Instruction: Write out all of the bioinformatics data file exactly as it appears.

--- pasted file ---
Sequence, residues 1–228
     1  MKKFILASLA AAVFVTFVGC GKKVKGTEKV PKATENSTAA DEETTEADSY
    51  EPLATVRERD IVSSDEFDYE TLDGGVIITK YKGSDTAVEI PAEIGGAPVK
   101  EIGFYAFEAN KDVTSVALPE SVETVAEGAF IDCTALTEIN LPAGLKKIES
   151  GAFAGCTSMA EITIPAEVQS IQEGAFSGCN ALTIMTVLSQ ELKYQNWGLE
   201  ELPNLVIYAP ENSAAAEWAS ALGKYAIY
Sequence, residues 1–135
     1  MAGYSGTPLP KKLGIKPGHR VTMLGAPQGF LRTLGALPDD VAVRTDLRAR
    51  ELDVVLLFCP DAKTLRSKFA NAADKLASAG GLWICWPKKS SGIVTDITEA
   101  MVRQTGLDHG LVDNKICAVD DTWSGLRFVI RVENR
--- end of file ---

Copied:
Sequence, residues 1–228
     1  MKKFILASLA AAVFVTFVGC GKKVKGTEKV PKATENSTAA DEETTEADSY
    51  EPLATVRERD IVSSDEFDYE TLDGGVIITK YKGSDTAVEI PAEIGGAPVK
   101  EIGFYAFEAN KDVTSVALPE SVETVAEGAF IDCTALTEIN LPAGLKKIES
   151  GAFAGCTSMA EITIPAEVQS IQEGAFSGCN ALTIMTVLSQ ELKYQNWGLE
   201  ELPNLVIYAP ENSAAAEWAS ALGKYAIY
Sequence, residues 1–135
     1  MAGYSGTPLP KKLGIKPGHR VTMLGAPQGF LRTLGALPDD VAVRTDLRAR
    51  ELDVVLLFCP DAKTLRSKFA NAADKLASAG GLWICWPKKS SGIVTDITEA
   101  MVRQTGLDHG LVDNKICAVD DTWSGLRFVI RVENR